On fasting

Published 19.06.2015 19:54
Updated 20.06.2015 01:17

Fasting enables us to give up material comfort to attain spiritual contentment. In fasting, we refrain not only from eating and drinking during the day, but also, and more importantly, from moral evils and sins

The Islamic holy month of Ramadan is a time of reflection on the meaning of existence and our place in it. Fasting takes us from an ordinary mode of existence to one in which we use our intelligence and freewill to concentrate on what really matters. As the month in which the holy Quran began to be revealed, it invites us to seek guidance in that which is everlasting. Commenting on the famous saying that the "universe is 'insan kabir,' " i.e., "a big man," Ikhwan al-Safa (the Brethren of Purity), the 10th century group of scholars, philosophers and mystics, described the world of existence as a living organism comparable to the human person. As a microcosm, man has his body and soul, so has the universe as a macrocosm. Both have a material and spiritual substance. The human person is part of this world. But the meaning and purpose that one brings to the world makes one more than the sum total of the physical universe.

The world of creation presents a paradox in that it both veils and reveals the meaning behind it. On the one hand, it is a prison that tempts the human person to be content with material desires, lowering one below their dignity and purpose. The world and its pleasures can veil the true meaning behind it. On the other hand, the world is a sign to be read to reach one's ultimate destination. It is a place of liberation where the human person can rise above what is ephemeral and hedonistic and realize one's true nature. The struggle to overcome the temptations of the world with intelligence and will is what makes the human person a special being in the universe. Fasting is an act of intelligence and will that moves us beyond mere appearances. Here, the Brethren of Purity used the prison metaphor to describe our relationship to the world. "Know my brother!" they said, "not all the souls that have come to the world of generation and corruption are imprisoned in it in the same way that not everyone who enters a prison is necessarily a prisoner there. Perhaps that person enters the prison with the intention of taking the prisoners out of it ..."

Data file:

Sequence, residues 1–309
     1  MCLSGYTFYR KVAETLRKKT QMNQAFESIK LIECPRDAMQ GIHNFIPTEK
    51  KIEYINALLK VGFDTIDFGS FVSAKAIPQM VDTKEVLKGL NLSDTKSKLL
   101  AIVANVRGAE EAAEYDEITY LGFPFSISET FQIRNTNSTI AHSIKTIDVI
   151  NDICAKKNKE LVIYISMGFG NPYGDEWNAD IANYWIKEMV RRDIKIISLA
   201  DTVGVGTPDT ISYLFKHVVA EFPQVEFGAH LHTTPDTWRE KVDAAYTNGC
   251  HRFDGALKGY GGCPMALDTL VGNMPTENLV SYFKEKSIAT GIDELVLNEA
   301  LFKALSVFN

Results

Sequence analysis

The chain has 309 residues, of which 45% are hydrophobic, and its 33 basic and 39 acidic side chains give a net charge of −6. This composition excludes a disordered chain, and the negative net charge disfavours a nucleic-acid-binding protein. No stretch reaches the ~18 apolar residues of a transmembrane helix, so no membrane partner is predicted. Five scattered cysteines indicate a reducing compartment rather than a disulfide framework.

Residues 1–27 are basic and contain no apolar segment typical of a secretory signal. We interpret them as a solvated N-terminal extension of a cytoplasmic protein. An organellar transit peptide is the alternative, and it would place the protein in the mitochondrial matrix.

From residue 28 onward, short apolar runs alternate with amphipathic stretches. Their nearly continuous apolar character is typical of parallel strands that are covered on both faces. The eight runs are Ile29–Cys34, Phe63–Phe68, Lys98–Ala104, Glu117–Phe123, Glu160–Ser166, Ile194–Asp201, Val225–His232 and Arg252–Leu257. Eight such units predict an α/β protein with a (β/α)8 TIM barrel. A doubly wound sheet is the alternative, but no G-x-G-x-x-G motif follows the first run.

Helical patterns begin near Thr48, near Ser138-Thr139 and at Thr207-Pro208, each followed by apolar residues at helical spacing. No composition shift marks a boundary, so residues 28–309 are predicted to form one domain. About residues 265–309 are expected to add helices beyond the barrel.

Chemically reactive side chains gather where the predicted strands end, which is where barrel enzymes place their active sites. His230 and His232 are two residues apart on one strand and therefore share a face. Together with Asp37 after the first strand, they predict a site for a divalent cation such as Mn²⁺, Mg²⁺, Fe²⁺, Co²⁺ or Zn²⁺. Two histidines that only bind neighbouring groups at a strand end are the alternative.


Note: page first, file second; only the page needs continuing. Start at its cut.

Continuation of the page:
Being in this world does not necessarily make us a prisoner of it. To the contrary, it gives us a 'good fight' whereby we show resolve and determination to rise above the tribulations and pettiness of an ephemeral world. This is where revelation and intellect guide us to our escape from the prison of worldly existence. The Brethren of Purity put it as follows: "The prophetic souls have come to the world of generation and corruption to save these souls that have been imprisoned in the prison of base nature and immersed in the sea of material existence - the souls that have become prisoners of material desires."

Fasting enables us to give up material comfort to attain spiritual contentment. In fasting, we refrain not only from eating and drinking during the day, but also, and more importantly, from moral evils and sins. While fasting we remain in the world but do not become a mere part of it. We rise above it. Like other forms of worship, fasting introduces a different mode of relationship with the world without falling for the two extremes of denying its existence or surrendering to it. The Islamic intellectual tradition espouses a view of the world that neither denies its existence nor eulogizes it. The Quran presents all of creation as God's work and as having a value in itself. Contingent beings, which Plato would accept only as shadowy existence, are not evil in and of themselves, but can be a vehicle of moral good if they are placed in their proper place within the total scheme of things.

True, the material world presents obstacles and traps on the path to spiritual perfection. Yet it is not to be rejected completely since this would be denigrating God's creation and missing out on the moral significance of the worldly existence. The key is to "put everything in its place," which is the original meaning of the Arabic word for justice - "adl." We can be deluded by the world and forget about our proper place in it or we can live in it to give it its true meaning and purpose.

The world or, more precisely, the life-world - "hayat al-dunya" - as the Quran calls it, is not a thing or place, but a context of relations, a realm of existence where the principles of good and evil take precedence over the physical composition of the earth. The world is thus not something to be described, but cultivated. The world that we inhabit as human beings is a moral space, a context of beliefs and attitudes that define the human state. How we as a microcosm behave in this world as a macrocosm shape the course of our journey. Fasting is a joyous occasion to ponder along this journey with intelligence and will.

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